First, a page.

Cuba Part II
I woke up the next day, and hoped to find a nearby bank to exchange money. The closest bank had a long cue that I waited in for thirty or forty minutes without any real idea of what was going on. It didn’t seem to be moving. I walked the forty or so minutes to Michel’s house in Central Havana hoping to find another bank on the way. I reached Michel’s having not found a bank almost an hour late for our meeting time. We walked to Habana Vieja and found a bank with a shorter cue. Of course the rate was quite a bit lower than I was expecting, but there were no other options I knew of.
As we left Habana Central, we entered “Chinatown” marked with a pagoda arching over the street. “There aren’t any Chinese in Chinatown,” declared Michel. He stopped and told me, “The police don’t like seeing Cubans from Central with Tourists, they don’t want you to know the real Havana. Walk with some space between us. I could get in trouble with the police if they think we’re together.”
Michel led me through the touristy areas of Vieja where the fancy hotels, nice restaurants, and street performers, which I did not find very interesting. He saw I was bored and not taking any photos, so he took me back towards Habana Central, stopping at a few markets along the way. I finally saw where the locals find there produce.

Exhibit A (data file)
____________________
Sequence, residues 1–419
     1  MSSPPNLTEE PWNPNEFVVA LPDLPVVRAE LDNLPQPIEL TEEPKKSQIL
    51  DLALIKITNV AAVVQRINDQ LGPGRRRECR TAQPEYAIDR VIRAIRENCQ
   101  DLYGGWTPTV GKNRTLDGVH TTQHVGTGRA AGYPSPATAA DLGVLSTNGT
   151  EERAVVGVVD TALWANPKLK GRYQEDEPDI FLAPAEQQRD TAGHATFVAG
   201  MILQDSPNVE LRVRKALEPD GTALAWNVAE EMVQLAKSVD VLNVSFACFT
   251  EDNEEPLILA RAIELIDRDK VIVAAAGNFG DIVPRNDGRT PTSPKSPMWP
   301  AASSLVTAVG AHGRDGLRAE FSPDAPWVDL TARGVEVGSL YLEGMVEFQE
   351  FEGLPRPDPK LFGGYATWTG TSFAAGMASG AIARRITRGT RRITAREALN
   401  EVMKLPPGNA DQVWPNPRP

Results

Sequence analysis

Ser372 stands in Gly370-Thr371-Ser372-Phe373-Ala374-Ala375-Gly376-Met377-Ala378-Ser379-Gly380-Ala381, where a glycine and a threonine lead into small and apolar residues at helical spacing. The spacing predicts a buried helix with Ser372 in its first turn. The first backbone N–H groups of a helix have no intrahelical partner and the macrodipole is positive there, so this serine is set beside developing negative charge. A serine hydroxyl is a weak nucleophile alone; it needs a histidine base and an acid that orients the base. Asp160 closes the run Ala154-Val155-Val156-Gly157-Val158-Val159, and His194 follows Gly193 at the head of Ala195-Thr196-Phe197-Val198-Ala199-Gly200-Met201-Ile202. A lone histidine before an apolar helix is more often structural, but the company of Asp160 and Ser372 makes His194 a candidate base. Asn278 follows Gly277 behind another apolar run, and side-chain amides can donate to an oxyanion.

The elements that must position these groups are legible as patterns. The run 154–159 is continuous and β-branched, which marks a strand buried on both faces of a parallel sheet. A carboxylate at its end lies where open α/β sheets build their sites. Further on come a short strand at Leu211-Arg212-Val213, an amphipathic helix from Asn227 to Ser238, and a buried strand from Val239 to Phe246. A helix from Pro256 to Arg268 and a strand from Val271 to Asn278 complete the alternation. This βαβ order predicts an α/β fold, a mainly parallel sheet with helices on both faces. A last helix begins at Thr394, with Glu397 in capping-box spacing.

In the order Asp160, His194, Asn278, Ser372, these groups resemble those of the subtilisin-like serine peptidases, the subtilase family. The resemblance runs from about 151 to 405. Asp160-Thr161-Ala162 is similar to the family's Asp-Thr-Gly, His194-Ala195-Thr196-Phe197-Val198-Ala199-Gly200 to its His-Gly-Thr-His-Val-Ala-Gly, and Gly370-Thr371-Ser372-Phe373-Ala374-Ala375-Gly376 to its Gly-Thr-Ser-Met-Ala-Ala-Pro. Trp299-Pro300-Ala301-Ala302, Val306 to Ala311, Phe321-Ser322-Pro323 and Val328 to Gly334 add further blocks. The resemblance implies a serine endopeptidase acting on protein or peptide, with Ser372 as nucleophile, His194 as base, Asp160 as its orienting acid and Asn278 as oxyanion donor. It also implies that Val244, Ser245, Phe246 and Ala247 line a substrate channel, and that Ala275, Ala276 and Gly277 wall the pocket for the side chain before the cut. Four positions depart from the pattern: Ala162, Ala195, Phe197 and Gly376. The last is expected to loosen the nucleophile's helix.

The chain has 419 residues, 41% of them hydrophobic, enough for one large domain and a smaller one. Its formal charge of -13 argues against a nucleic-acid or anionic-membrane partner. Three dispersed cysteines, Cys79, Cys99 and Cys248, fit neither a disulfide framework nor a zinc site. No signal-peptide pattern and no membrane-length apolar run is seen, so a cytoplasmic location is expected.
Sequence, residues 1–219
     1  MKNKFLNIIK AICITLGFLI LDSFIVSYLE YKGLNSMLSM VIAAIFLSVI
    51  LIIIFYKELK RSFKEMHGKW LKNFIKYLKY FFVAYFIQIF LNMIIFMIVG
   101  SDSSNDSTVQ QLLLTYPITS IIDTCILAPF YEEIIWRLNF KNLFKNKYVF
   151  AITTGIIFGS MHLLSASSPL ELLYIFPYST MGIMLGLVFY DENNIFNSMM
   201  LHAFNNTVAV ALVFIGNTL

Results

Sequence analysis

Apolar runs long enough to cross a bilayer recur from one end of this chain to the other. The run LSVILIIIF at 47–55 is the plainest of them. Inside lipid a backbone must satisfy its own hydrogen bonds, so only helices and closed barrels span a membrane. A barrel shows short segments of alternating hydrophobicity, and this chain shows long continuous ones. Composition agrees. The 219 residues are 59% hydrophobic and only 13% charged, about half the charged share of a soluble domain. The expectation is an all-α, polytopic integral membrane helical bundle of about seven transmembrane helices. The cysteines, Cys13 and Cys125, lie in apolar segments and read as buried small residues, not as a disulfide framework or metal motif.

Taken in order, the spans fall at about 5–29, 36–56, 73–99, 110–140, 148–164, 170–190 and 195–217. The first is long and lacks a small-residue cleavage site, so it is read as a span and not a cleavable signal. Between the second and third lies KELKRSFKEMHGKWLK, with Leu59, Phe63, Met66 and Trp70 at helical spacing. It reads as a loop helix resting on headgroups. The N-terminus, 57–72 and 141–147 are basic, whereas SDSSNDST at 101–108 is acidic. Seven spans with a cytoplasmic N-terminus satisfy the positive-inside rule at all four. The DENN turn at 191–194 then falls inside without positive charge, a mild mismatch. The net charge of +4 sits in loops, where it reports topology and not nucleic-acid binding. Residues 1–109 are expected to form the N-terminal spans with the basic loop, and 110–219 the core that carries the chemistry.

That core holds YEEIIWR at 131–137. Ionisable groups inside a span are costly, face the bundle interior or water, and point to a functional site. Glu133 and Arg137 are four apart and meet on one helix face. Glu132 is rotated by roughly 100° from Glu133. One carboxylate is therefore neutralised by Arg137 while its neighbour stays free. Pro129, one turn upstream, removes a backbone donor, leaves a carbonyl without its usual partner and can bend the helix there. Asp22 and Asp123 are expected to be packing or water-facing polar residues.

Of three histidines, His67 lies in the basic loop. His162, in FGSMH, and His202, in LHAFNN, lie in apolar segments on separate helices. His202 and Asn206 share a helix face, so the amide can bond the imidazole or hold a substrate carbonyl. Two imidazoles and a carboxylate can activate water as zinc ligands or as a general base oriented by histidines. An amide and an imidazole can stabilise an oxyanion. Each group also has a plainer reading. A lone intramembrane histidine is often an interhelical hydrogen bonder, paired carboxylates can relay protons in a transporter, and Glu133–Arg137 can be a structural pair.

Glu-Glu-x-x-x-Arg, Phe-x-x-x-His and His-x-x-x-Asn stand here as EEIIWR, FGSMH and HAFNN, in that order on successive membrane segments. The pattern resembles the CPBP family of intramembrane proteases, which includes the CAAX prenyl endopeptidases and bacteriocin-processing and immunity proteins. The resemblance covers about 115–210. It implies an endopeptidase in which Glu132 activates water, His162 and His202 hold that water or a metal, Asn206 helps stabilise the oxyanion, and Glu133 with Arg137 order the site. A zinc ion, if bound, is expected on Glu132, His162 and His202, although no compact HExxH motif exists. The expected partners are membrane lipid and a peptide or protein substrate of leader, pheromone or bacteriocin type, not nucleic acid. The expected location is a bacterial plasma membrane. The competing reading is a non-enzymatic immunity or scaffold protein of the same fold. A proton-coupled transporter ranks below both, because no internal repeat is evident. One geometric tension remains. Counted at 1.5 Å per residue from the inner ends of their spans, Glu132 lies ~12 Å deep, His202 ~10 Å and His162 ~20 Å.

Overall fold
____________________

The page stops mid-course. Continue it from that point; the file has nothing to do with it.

Yelling into the second story of a typical central Havana building, the door opened in front of Michel. I walked through the small door finding a staircase immediately behind the door and no person that opened it. A small string ran down the wall of the stairs and attached to the lock on the door, which someone could pull from the top of the stairs.
The stairs led to a courtyard in disarray of construction never finished, but behind the door to the left a large woman greeted us. Giving Michel the customary kiss on the cheek, she invited us in. A pretty black girl was busy making cupcakes in one side of the room, and the large woman returned to putting icing on a cake. Michel explained that they were his aunt and cousin.
The aunt kept pressing sweets into my hands, a cupcake, a tart, custard… I’m probably forgetting some. It’s definitely understandable how she got to be in her current state. It was all delicious.
Yesabel, the cousin, told me that she was a musician, she plays the bongos. When I said that I played guitar, she looked excited and disappeared into a back room. Returning, she thrust an old classical style guitar into my hands. With one strum it was painfully apparent the guitar needed new strings and a tune. I sat down on the couch and pulled up my tuning app on my phone. Yesabel looked amazed. As I tuned, she disappeared into the back room again. She brought out her smart phone, opened an app and thrust it at me. I looked at Michel confused. “She wants you to transfer the app to her.” “No entiendo? I don’t know how.” Apparently there is an app in Cuba that allows people to transfer apps via Bluetooth. I did not have this app so I could not help her.
“I’m done here,” said Michel after a while, “are you ready to go?” With kisses on everyone’s cheeks, we make our way back to the street. I couldn’t really imagine trying to balance a cake while going down that steep staircase. I take a few more photos on my the street, then we’re back to Michel’s house.
Michel is very proud that he has Univision and Telemundo on his TV, two illegal stations that he buys on the way black market. “The Cuban station is just boring talk all day long. No novella, no international news.”